© Wyss Institute/Harvard UniversityThe rat study shows a variety of pathogens can be 'pulled out' from blood that is circulated through the external bio-spleen.
A device that uses magnets to extract bacteria, fungi and toxins from blood could one day throw a lifeline to patients with sepsis and other infections, researchers say.

They say the external gadget - tested so far in rats but not yet humans - might also eventually be modified to strip Ebola and other viruses from blood.

The device was inspired by the spleen, which can continuously remove pathogens and toxins from blood without first identifying the infectious agent.

Dubbed a 'bio-spleen', the invention uses magnetic nanobeads coated with a genetically-engineered human blood protein called mannose-binding lectin (MBL).

The MBL binds to pathogens and toxins, which can then be "pulled out" with a magnet, the developers wrote in the journal Nature Medicine.

The bio-spleen was developed to treat sepsis, or blood infection, which affects 18 million people in the world every year, with a 30-50 per cent mortality rate.

The microbes that cause it are often resistant to antibiotics, and spread fast.

If the invention is shown to be safe for humans, "patients could be treated with our bio-spleen and this will physically clean up their blood, rapidly removing a wide spectrum of live pathogens as well as dead fragments and toxins from the blood," says study co-author Dr from the Wyss Institute for Biologically Inspired Engineering .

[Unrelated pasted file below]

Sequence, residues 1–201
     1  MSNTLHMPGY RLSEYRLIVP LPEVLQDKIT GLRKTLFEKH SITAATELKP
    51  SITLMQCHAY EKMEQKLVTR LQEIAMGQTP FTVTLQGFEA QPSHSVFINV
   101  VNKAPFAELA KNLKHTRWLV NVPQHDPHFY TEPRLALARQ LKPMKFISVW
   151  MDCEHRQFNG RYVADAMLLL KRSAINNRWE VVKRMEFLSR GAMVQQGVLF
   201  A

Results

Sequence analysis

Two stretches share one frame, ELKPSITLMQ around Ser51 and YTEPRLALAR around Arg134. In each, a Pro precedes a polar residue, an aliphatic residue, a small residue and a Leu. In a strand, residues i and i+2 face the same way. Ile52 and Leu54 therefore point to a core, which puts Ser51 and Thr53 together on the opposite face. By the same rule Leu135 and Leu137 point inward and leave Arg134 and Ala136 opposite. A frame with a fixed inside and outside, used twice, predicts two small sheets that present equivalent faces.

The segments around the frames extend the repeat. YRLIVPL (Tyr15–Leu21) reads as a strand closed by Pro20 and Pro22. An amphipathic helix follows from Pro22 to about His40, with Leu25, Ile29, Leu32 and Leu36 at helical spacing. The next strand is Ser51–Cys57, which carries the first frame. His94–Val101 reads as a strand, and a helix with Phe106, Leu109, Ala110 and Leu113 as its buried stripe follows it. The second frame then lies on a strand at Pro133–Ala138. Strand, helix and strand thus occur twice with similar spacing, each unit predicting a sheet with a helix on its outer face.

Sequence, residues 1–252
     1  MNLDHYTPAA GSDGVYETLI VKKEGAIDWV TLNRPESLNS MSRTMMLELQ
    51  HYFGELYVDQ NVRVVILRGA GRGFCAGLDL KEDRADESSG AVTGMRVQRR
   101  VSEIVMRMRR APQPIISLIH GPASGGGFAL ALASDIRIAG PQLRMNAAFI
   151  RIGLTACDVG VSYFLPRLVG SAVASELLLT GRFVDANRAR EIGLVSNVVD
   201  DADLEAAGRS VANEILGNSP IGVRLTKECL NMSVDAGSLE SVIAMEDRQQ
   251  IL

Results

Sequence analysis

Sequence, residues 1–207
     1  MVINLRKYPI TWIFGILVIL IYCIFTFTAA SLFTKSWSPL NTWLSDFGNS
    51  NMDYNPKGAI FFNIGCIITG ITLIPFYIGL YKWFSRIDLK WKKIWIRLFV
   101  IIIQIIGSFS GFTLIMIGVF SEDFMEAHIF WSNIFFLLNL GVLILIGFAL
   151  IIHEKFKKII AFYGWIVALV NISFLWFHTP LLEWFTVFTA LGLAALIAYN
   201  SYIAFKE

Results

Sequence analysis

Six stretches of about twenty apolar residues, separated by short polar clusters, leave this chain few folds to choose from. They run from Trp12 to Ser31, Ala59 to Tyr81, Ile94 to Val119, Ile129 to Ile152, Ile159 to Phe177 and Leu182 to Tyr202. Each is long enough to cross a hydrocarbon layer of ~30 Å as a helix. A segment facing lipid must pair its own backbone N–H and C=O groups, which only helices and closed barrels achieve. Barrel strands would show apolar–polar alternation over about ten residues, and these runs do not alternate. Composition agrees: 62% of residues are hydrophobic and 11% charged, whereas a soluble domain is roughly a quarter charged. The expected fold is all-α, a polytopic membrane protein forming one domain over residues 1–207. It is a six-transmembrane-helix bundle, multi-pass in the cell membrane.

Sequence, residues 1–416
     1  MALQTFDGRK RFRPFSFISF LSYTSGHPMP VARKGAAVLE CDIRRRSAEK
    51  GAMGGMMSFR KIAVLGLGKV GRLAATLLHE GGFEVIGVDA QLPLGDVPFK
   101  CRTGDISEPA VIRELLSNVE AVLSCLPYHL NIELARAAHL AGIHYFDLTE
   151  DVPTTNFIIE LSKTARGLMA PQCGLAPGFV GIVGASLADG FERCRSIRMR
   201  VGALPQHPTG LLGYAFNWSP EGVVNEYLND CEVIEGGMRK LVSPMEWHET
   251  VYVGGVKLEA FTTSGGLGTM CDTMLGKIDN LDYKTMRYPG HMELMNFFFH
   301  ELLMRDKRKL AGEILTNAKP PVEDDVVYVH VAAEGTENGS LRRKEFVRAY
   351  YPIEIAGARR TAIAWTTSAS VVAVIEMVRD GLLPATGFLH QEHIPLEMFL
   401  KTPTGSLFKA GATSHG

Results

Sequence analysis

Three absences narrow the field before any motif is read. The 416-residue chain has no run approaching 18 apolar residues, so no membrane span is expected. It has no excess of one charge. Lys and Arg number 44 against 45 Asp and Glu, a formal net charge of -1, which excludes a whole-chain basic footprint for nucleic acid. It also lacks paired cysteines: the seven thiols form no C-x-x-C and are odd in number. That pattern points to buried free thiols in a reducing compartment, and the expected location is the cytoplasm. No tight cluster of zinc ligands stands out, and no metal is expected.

The cleansed blood is then returned to the circulatory system.

"This treatment could be carried out even before the pathogen has been formally identified and the optimal antibiotic treatment has been chosen," says Ingber.

The MBL protein is known to bind to the Ebola virus "and so it potentially might be useful for treatment of these patients," Ingber told AFP.

"We potentially could treat patients with this bio-spleen during the most infectious, viraemic phase of the disease and reduce the amount of virus in their blood."

MBL has also been reported to bind to the Marburg virus and HIV.

In live rats infected with the notorious bugs Staphylococcus aureus or Escherichia coli, the device removed 90 per cent of bacteria from the blood, the researchers report.

"When we injected rats with a lethal dose of LPS endotoxin (a bacteria type)... we found that we could significantly improve animal survival" with the bio-spleen, they add.

Tests with human blood in the lab also showed the bio-spleen cleaned out multiple species of bacteria, fungi and toxins.

Years of testing in larger animals and then in humans lie ahead before the bio-spleen can be approved, Ingber cautions.

Source: Agence France-Presse